IMG_2113The man with me in front of the Coffee Cartel in the Central West End Tuesday afternoon is NPR’s All Things Considered Senior Host Robert Siegel. He and NPR Producer Art Silverman talked to me about Beer, Brats, and Baseball: St. Louis Germans, and our efforts to get recognition for the six German streets whose names were changed during World War I. They’re gathering information for programs airing in August or September, around the 100th anniversary of the start of World War I, on the anti-German hysteria during the war.

And speaking of our campaign, 20th Ward St. Louis Alderman Craig Schmid, who represents the South Side’s Dutchtown neighborhood, will introduce a bill on Friday giving Providence Place the honorary designation of Knapstein Place. That was its name before it was changed in 1918, during the anti-German hysteria.

A Book About the Gateway Arch?!?

Merkel at Arch - CopyFound this great book about the Gateway Arch when we visited the Arch gift shop on Sunday. Oh, of course, it’s my own book, The Making of an Icon. You can buy at the same gift shop, on Amazon, at all kinds of local book stores and two places where I’ll appear on Saturday. I’ll sign books at the Fenton Barnes & Noble from 2-4:30 p.m. and from 5-10 p.m. at the German Cultural Society’s Sommerfest at 5020 West Four Ridge Road in House Springs.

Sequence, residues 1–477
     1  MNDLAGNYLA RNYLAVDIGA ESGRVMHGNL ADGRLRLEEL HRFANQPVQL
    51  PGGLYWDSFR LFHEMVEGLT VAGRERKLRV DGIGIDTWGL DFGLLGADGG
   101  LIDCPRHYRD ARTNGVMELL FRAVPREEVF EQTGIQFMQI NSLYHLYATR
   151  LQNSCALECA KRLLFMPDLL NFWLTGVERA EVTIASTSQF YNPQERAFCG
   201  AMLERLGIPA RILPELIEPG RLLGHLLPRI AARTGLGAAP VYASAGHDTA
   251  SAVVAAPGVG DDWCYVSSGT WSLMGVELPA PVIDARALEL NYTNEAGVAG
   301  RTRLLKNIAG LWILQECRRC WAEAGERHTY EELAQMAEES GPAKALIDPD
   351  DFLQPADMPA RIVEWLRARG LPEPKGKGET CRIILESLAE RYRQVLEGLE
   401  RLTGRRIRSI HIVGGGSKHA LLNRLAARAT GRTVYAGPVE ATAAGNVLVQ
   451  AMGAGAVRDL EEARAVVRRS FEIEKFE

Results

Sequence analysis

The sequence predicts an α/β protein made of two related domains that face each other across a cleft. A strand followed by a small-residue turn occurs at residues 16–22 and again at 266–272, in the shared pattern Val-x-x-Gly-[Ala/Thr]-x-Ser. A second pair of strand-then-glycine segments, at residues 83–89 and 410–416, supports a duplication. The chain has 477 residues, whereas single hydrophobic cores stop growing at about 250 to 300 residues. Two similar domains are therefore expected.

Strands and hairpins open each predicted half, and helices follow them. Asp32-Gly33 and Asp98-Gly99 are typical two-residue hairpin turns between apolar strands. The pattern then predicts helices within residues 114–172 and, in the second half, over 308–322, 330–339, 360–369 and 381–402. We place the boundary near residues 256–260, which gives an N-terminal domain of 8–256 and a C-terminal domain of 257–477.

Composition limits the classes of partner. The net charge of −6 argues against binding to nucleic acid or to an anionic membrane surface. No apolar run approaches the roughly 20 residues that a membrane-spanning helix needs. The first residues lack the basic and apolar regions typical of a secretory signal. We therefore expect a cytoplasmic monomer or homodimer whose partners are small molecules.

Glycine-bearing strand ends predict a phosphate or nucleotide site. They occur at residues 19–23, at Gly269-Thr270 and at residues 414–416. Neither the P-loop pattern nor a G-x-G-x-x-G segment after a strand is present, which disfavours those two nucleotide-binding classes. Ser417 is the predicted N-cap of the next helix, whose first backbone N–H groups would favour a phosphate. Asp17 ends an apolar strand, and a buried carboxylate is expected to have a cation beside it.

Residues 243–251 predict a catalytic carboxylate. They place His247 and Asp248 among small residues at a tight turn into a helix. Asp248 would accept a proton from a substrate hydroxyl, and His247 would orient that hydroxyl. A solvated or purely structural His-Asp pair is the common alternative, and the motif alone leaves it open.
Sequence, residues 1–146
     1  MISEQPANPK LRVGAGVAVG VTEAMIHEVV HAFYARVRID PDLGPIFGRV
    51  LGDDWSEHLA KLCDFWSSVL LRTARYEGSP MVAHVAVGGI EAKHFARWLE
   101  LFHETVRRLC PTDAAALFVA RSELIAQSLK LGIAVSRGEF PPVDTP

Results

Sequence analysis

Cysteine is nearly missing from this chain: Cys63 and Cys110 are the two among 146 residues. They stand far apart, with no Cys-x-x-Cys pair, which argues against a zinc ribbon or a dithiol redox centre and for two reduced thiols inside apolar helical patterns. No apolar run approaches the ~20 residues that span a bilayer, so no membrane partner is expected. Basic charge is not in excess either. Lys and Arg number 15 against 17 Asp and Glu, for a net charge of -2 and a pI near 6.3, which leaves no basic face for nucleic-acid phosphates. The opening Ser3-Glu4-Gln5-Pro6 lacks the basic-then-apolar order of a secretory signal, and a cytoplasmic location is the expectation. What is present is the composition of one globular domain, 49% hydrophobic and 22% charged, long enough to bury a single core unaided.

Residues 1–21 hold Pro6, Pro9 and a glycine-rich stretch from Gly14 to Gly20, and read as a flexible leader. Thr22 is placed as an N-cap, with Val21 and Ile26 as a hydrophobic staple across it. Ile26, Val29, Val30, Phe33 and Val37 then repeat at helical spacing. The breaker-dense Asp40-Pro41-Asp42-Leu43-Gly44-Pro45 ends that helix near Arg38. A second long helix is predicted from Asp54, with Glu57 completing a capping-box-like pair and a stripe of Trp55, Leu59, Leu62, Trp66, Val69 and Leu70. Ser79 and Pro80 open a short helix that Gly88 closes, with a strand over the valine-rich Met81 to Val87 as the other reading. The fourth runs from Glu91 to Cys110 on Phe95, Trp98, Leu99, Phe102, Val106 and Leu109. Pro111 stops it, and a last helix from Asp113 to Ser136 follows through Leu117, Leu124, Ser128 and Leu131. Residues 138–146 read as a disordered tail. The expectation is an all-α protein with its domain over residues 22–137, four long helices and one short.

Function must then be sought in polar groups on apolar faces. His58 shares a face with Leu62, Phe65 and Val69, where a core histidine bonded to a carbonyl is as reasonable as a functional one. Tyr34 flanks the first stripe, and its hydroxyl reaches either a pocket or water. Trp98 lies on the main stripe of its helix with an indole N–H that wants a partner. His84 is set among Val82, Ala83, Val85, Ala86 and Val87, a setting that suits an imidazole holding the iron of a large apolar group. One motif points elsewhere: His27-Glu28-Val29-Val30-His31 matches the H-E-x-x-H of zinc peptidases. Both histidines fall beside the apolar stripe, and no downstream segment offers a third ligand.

Another Cost of the Arch

10384742_752037811525528_4378423360005903576_n[1]10313173_752037691525540_8261426913634715297_n[1]10312379_752037604858882_6064760651675537374_n[1]While almost everybody talks about the beauty of the Arch, preservationists also say something was lost. Between 1939 and 1942, 37 blocks of historic buildings were leveled to make way for what would become the Arch grounds. At the time, they were eyesores at the city’s front door. But the preservationists say that with some loving care, they might have turned into a tourist district. Personally, I’d trade it for the Gateway Arch. But there were many other proposals for the land. Any of them would not have justified the loss of these treasures from the steamboat era. Starting with this post, I’ll run several pieces with pictures of what was lost.

Out and About in St. Charles County Land


imagesCAASO71GSt. Charles Countians will have two chances this week to get an autographed copy of The Making of an Icon: The Dreamers, The Schemers, and the Hard Hats Who Built the Gateway Arch. At 7 p.m. Thursday, I’ll give a program at the Corporate Parkway Branch of the St. Charles City-County Public Library, 1200 Corporate Parkway, Wentzville. Then from 1-3 p.m. Saturday, I’ll sign books at the Barnes & Noble at 320 Mid Rivers Center in St. Peters.